“Wanna play V-cart wars?” I asked the new girl.
“I was sixteen and we were in the back of my dad’s car.”
There was an awkward pause. “What?”
“You asked when I lost my virginity.”
More awkward pause. We were both standing in the popular fiction section at The Bookstore, both holding V-carts. It was her first or second night. “No,” I somewhat stammered. “Do you want to play v-cart wars?” And this time I really stressed the “t” at the end of the word cart.
A V-cart is a small two-wheeled book cart. The name comes from the arrangement of bars running up from the cart’s base, which forms a “V” from an overhead viewpoint. We also had a “W” cart, which was pretty much the same thing, only a bit wider.
In V-cart wars, players roll their carts (empty, or full or partially loaded) and release them. The goal of the game is to see how far the cart will go before either tipping forward and coming to a stop, or toppling over backwards. Really, the trick is to push the cart far ahead of yourself so that if, say, the normal degree of inclination when you’re pushing it is 20 (I don’t know, I’m making this up), you instead go for like 60 or 70. Basically, instead of the handle being four feet off the ground, you’ve got it at like two or two and a half.
I think the most I’ve been able to get a cart was about six feet.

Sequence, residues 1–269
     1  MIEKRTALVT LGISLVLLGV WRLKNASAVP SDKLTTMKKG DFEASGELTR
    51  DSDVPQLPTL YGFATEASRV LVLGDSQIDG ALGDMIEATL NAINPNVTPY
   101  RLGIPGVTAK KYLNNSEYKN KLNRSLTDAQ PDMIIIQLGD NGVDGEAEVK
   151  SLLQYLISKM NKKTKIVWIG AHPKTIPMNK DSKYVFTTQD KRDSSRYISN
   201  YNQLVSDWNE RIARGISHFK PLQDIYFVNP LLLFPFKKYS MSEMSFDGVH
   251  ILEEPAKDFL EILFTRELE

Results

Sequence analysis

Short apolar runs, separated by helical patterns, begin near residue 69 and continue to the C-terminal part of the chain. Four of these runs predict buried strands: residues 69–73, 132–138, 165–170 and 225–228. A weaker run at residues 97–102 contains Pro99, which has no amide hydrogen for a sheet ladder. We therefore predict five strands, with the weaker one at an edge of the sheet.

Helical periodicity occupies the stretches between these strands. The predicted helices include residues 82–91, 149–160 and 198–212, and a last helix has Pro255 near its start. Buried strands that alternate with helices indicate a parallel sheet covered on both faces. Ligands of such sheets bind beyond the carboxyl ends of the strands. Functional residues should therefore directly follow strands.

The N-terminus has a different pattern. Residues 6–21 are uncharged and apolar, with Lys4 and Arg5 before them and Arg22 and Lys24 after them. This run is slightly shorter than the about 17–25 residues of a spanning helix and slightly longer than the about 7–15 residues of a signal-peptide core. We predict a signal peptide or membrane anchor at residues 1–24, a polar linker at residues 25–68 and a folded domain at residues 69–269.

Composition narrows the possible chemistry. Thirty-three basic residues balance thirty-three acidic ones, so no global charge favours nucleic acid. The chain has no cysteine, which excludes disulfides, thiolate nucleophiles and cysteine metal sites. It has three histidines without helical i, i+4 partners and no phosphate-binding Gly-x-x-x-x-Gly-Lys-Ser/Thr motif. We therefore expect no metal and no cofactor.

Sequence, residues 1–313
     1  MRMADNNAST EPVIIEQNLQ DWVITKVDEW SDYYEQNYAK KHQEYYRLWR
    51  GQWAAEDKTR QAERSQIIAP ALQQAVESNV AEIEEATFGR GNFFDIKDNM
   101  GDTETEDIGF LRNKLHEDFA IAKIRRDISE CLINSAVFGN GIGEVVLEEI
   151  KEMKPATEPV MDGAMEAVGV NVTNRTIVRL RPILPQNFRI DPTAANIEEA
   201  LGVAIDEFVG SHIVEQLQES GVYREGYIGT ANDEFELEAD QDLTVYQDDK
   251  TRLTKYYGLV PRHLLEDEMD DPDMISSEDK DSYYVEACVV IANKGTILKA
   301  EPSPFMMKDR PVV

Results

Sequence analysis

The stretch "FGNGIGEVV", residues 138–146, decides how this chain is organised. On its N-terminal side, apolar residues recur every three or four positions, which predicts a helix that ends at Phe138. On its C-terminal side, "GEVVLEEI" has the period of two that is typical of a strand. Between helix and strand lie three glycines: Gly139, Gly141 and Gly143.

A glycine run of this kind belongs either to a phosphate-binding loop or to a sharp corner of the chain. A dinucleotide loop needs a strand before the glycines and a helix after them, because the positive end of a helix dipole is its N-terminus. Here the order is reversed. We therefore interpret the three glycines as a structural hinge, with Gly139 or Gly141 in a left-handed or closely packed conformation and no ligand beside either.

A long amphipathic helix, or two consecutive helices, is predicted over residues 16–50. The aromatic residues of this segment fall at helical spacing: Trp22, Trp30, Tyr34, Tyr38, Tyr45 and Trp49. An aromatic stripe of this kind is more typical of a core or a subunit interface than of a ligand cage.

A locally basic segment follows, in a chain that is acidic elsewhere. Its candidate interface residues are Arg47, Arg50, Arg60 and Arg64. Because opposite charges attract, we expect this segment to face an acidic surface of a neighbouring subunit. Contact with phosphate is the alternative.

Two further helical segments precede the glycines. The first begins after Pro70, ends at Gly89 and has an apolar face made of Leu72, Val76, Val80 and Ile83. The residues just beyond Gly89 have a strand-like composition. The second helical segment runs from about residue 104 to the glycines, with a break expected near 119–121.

Anyway, so that was an awkward moment. And she was lousy at V-cart wars, but it’s an acquired skill.
So The Bookstore is gone: doors closed and locked. The fixtures, what remain, are being sold off or tossed in the dumpster. I’ll have very many fond memories of the friends I once called coworkers. When the news first came that the store was being closed, I decided I wanted a V-Cart.
And I did. I stopped in a week ago, and the fixture sales themselves were being steeply discounted. I got a bit of an additional discount (“The former Borders discount,” a coworker told me), and was allowed to roll the cart out of the door that day (most people buying fixtures had to go back later in the week).
We probably had up to a dozen of these carts in the store. I didn’t get the one with the horrible black rubber handle, thank goodness. Currently the cart is in the nook between a bookshelf and my bar table, with — as it should be — a small stack of books accruing on its base.